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Rigid endoscopy is a medical procedure where a medical professional inserts a stiff telescoping tube into a patient to get a view of an organ or area of interest, using a camera in the tube to see the patient's internal anatomy. The device, known as an endoscope, also has an instrument channel so the physician can pass instruments through the tube to perform procedures like biopsies. This usually takes place in a doctor's office or clinic, with suitable anesthesia to keep the patient comfortable during the procedure.
The alternative is flexible endoscopy, where the doctor uses a flexible instead of rigid tube. The best option depends on the procedure, the doctor's experience, and the preferences at the facility. In rigid endoscopy, patients can experience more pain and discomfort because the tube will not flex with the body during the procedure. The doctor may be able to get a better view or perform tasks that are not possible with a flexible endoscope, however.
Endoscopy allows medical professionals to look directly inside the body. It can be useful for diagnostic purposes where doctors want a visual image or samples, as it is less invasive than surgery for exploratory and diagnostic purposes. It is also useful for surgical procedures like so-called keyhole surgery, where the surgeon makes some small incisions to insert an endoscope and other tools in order to access a surgical site without making a large open incision. Some procedures where rigid endoscopy can be an option can include surgery on the joints, evaluation of problems with the urinary tract, and abdominal surgery.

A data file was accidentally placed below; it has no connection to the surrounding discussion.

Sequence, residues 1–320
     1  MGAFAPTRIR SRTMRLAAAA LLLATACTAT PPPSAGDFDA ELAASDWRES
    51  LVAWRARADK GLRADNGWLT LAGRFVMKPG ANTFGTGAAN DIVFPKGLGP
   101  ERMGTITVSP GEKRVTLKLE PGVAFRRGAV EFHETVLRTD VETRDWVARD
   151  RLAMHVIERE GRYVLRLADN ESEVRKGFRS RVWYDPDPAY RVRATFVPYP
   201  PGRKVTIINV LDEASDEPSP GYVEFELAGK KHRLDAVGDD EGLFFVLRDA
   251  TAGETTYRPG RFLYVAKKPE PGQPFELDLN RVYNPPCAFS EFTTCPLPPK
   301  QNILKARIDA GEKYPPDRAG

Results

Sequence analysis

For some rigid endoscopy procedures, the patient must be under general anesthesia for safety. The doctor needs the patient unconscious and still to perform the surgery, and the anesthesia will also minimize the experience of pain. In other endoscopies, the patient can remain awake for the procedure, although he will usually receive some pain management and sedatives for comfort. Patients can discuss their options with their doctors to determine the best choice for a given procedure.
Recovery time after a rigid endoscopy can vary. Sometimes patients are able to return to normal activity levels immediately after the procedure while other patients may need to rest and work on pain management. Medical professionals usually advise getting up and moving around to reduce the risk of clots and other complications, even if patients are not able to move very much immediately after the endoscopy. Even light activity, like walking around the room with the assistance of a nurse, can reduce surgical complications.
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